Forming Children in the Faith: Recommendations for All Ages


Introducing children to the Catholic faith and helping them to grow in their relationship to Christ and His Church is the responsibility of the parents. The Catechism of the Catholic Church teaches us that “Parents are the principal and first educators of their children.” Likewise, the second Vatican Council refers to the family as the ‘Ecclesia domestica.’ Furthermore, the Catechism states that “the home is the first school of Christian life. . . . Through the grace of the sacrament of marriage, parents receive the responsibility and the privilege of evangelizing their children. Education in the faith by the parents should begin in the child’s earliest years. Parents have the mission of teaching their children to pray and to discover their vocation as children of God.” (CCC 1653, 1656, 1657, 2223-2226) Indeed, simply dropping children off at a Wednesday evening faith formation class is not fulfilling one’s role as parent in the formation of children. We are called, challenged, and granted the privilege to do more.


Fortunately, there are excellent resources to help parents educate their children in the Catholic faith. Below are some suggestions for helping to form your children in the Faith.


When children are in the preschool and early elementary years, picture stories about the saints; stories, games, and activities from the Catholic Children’s Treasure Box; introduction to the rosary with regular practice; weekly Mass attendance; and joyful celebration of the
liturgical year are excellent ways to introduce the faith.


For children in upper elementary and middle school, literature can play an important role. Bethlehem Books provides wonderful stories rich in characters of integrity. In addition, C.S. Lewis’ Chronicles of Narnia is woven with Christian truths. Ignatius Press also has a series of books on the saints, and Amy Welborn has a series titled Prove It! that is written specifically for the middle school age student. All of these provide exceptional reading and wonderful illustrations of the faith through the lives of interesting characters (both real and fictional). Furthermore, at these ages, children are capable of volunteering within the home, their community, and their parish. There are also excellent clubs and activities geared toward children of these ages. Faith camps, parish programs, and Christ-centered community programs can be wonderful ways of helping your children grow in their Catholic faith. Finally, keep your children close to the sacraments at these ages.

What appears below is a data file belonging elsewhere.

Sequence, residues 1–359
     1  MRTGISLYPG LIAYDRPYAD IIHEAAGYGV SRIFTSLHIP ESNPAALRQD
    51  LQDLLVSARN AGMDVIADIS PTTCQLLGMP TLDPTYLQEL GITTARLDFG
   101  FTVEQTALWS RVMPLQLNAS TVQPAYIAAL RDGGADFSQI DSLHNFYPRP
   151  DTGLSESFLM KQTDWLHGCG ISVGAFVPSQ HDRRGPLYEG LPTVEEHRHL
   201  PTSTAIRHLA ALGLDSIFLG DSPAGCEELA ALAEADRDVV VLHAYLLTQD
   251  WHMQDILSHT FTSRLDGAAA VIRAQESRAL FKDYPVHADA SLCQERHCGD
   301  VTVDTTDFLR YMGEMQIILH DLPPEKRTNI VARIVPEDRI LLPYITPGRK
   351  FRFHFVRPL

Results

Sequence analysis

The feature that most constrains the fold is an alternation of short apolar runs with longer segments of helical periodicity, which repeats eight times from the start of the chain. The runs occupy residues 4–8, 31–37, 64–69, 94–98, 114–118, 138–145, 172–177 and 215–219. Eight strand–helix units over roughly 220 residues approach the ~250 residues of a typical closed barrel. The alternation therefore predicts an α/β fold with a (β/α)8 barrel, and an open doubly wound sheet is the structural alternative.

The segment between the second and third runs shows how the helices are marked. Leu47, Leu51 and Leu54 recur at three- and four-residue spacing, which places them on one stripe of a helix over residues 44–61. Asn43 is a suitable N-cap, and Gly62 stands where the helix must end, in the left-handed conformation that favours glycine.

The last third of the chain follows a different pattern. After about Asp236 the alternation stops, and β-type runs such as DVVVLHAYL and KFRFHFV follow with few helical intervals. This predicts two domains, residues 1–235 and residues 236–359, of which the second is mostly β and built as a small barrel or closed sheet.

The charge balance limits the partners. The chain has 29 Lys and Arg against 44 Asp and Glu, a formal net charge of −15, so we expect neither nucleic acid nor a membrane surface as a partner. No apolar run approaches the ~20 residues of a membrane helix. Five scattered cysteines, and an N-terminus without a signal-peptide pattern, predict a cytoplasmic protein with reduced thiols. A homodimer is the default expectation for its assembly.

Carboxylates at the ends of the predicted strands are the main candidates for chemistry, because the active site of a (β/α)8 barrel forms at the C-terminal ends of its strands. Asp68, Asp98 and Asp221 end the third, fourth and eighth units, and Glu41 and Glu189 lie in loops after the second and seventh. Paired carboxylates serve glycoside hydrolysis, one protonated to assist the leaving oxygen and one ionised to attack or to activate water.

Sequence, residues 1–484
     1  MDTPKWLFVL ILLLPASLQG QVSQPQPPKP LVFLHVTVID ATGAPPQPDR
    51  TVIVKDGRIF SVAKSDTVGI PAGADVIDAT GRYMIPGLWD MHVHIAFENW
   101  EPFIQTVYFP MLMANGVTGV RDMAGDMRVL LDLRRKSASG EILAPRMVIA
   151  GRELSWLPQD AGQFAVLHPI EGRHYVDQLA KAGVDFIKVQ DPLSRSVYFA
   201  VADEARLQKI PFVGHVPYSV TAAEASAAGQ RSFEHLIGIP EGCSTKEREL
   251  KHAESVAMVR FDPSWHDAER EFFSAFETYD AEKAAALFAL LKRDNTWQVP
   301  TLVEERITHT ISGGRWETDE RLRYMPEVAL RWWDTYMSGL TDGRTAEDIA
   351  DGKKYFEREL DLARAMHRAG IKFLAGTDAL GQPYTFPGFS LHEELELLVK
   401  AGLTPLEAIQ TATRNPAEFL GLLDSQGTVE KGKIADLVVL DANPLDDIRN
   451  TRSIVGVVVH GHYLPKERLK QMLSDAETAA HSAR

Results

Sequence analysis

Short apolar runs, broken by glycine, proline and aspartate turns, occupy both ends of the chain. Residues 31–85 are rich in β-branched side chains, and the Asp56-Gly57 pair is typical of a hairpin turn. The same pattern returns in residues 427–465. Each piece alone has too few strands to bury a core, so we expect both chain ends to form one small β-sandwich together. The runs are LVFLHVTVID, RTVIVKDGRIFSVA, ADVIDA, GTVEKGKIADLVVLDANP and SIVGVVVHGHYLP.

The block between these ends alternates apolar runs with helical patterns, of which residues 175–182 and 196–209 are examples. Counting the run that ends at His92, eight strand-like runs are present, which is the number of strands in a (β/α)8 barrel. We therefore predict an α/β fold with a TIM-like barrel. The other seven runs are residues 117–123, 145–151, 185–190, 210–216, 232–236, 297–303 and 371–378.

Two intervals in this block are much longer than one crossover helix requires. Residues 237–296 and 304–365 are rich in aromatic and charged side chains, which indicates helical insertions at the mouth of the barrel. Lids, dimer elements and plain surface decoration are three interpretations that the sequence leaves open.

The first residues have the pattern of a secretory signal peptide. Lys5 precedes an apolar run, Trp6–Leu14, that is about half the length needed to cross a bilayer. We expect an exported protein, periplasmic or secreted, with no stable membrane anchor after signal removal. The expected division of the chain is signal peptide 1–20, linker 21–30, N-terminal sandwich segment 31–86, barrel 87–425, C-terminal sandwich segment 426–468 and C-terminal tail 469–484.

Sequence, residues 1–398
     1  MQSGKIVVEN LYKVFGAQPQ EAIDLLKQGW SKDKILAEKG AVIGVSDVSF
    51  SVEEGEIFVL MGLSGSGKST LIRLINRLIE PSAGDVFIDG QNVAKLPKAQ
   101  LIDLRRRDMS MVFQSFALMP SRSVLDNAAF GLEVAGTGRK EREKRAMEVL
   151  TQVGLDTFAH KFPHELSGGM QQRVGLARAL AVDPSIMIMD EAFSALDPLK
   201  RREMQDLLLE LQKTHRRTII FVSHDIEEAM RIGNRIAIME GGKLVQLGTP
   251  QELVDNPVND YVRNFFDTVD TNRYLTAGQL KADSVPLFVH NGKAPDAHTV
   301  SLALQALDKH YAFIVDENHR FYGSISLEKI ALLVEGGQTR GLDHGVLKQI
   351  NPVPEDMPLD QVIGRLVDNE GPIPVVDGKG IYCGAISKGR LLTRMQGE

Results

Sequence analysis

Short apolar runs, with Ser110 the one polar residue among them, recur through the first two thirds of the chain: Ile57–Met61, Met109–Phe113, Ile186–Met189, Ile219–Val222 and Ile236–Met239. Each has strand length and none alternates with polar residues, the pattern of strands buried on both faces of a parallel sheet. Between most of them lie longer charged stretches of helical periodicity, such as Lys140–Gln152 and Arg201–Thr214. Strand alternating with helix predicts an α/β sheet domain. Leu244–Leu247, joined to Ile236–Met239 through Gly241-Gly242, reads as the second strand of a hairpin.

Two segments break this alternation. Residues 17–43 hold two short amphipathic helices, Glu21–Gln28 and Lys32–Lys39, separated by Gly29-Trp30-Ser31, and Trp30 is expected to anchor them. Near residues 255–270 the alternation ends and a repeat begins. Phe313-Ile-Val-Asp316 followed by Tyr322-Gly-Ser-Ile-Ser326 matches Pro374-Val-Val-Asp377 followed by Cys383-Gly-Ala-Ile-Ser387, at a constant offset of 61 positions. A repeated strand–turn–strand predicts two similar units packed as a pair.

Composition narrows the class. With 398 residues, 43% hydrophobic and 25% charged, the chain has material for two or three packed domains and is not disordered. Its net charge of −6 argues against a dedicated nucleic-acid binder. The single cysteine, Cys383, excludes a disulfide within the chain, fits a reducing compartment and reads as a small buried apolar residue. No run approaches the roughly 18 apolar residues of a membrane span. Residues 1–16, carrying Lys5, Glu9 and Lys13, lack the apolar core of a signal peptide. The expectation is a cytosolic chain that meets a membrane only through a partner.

For the high school age child, offer them reading material that will challenge their thinking and provide a strong foundation for the truths of the Catholic faith. The writings of Augustine, Thomas Aquinas, C.S. Lewis, and G.K. Chesterton are recommended for youth at these ages. In addition, video programs such as Ignatius Press’ videos of the saints and Fr. Robert Barron’s series titled Catholicism are great resources. Another excellent resource for high school children are audio resources. Lighthouse Catholic Media has hundreds of audio presentations available for CD or that can be downloaded. Conversion stories are also strongly recommended for these ages and for adults. High school age students should also be introduced to Catholic Bible studies. In addition, there are excellent teachings on sexuality, chastity, and purity by Jason Evert in the Theology of the Body for Teens program by Ascension Press, How to Find Your Soul Mate Without Losing Your Soul ( or and others. Keeping close to the sacraments is also imperative. Finally, at this age, it is important that the students have an opportunity to put their faith into action. Help your child find a volunteer opportunity that is of interest and importance to them. Volunteering within their parish is an excellent option. Likewise, volunteering at a local soup kitchen, nursing home, food shelf, school, or other location of interest will help them to live out their faith.